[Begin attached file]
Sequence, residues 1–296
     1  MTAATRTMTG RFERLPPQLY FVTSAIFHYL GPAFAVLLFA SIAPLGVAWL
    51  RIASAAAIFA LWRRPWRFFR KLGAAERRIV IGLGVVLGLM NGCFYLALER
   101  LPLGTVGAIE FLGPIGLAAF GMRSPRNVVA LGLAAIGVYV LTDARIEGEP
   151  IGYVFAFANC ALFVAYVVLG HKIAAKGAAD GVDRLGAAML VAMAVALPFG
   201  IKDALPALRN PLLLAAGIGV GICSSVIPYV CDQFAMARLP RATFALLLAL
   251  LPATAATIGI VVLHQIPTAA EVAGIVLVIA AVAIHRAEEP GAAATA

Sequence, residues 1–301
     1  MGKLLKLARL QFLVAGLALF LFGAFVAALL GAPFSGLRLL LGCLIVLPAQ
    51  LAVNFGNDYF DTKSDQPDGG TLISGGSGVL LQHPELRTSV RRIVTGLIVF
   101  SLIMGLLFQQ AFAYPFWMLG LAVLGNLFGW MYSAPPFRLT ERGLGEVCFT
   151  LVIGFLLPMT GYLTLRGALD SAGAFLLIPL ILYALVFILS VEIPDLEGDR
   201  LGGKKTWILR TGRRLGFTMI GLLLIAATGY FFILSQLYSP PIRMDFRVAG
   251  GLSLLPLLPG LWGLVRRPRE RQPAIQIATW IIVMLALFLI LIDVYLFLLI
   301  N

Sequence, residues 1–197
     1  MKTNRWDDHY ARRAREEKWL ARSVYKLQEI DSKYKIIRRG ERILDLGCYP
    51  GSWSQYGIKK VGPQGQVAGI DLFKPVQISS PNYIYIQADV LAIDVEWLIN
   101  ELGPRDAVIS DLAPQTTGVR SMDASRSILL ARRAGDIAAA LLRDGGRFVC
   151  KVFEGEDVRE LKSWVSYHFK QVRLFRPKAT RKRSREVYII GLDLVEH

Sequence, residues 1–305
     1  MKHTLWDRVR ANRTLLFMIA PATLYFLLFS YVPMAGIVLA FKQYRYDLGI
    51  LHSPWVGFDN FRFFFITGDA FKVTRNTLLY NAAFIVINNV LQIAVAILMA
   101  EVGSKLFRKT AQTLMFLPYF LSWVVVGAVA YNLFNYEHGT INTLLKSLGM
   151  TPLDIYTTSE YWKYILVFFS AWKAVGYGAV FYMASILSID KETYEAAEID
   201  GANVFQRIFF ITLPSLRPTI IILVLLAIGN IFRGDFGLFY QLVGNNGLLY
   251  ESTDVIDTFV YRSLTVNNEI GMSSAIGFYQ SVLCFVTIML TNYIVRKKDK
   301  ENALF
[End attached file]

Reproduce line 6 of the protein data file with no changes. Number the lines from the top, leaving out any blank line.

   201  IKDALPALRN PLLLAAGIGV GICSSVIPYV CDQFAMARLP RATFALLLAL